Overlying the granitic basement is a 20ft thick layer of clay, known as the ìblue clayî because of its unusual color. This 65 to 100 million-year-old clay is a part of the large, westward-tapering, wedge of coastal plain sediments that extends along much of the eastern seaboard. The middle of the Cretaceous Period (about 100 million years ago) saw a dramatic rise in sea level to more than 300ft above the present level, resulting in the development of a vast network of shallow seas upon the continents, where coastal plain sediments were deposited. These shallow seas were the home to large marine reptiles and sharks. Fossils of these now extinct animals are common in coastal plain sediments.
The uppermost sedimentary unit at Fishers Island is a 200-300ft thick sequence of gravel, sand, clay and boulders. These deposits record the advance and retreat of ice sheets over North America beginning at least 1.5 million years ago during the Pleistocene Epoch, culminating with the Wisconsinan ice sheet which formed the Fishers Island moraine by about 19,000 years ago. The internal structure of the Pleistocene deposits on Fishers Island is quite complex, with tight folding observed at some locations. A distinctive feature of the glacial deposits is the large boulders found all over the island. These boulders are known as “erratics” because they have been transported by the glacier to places where they otherwise would not be found. Erratics on Fishers Island are mostly volcanic and metamorphic rocks which the glacier plucked from outcrops to the north, in Connecticut and Rhode Island, as it moved southward.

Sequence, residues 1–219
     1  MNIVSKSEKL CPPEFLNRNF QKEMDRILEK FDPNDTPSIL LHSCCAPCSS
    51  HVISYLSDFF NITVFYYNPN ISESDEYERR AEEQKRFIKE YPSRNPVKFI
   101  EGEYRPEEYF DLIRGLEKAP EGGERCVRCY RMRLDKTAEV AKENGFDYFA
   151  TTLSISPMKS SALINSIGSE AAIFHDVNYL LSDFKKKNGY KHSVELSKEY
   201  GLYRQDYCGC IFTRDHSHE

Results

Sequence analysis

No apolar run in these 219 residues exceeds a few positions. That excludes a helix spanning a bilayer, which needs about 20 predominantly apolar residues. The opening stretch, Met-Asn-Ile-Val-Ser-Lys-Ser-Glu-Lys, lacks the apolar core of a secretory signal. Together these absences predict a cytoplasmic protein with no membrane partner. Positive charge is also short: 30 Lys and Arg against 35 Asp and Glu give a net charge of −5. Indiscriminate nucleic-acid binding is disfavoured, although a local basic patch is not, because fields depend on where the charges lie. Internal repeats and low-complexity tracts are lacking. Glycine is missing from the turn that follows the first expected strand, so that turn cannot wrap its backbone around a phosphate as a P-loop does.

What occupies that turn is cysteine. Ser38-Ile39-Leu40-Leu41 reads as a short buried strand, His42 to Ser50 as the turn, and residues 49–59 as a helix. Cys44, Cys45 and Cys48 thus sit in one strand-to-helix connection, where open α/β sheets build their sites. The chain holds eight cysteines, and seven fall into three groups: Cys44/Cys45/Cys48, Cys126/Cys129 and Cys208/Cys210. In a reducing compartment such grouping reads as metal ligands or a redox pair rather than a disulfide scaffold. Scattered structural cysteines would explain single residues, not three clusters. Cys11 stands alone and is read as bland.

Modern Marine Deposits
The harbors and shorelines of Fishers Island are underlain by very recent deposits of sand, gravel and mud. Most of the sand on the islandís beaches came via rivers entering Long Island Sound along the Connecticut shore line, and has been transported to the island by tidal currents. Accumulations of gravel and larger rocks, like those at Isabella Beach, are probably “lag deposits”, meaning that they are an erosional remnant. The cobbles that now rest on Isabella Beach were originally part of the Pleistocene glacial deposits that make up the bluffs above the beach. Large storms have eroded back the bluffs, and removed the fine-grained material within which the cobbles were once contained.
- PULLING CLAY
Here is a map of the clay pits, and this pen points to where The Lighthouse Works ____ Tryn Collins and I were pulling clay. Tryn has a good bit of knowledge of the digging process. You have to walk about a .25 mile into the spot (I don’t totally know where this is, Tryn took me there). Basically, you just wade into a shallow area and pull sheets of clay up from the bottom. It is helpful to wear water shoes or boots so you don’t hit rocks with your feet. You should bring shovels to pull up sections, and then you can just grab them with your hands. Hopefully, there is not a lot of rain when you go so it is shallow. If it is warmer… mosquito city, bring DEET. As you are pulling you will feel sections that have lots of rock/sand and others that are really nice pure clay. The stuff in sheets that just pulls right up is the more refined clay.
- Good water boots/shoes (I wore Chacos)
- Sturdy shovels
- A cart or wagon or backpack for hulling back
Location of clay pit visit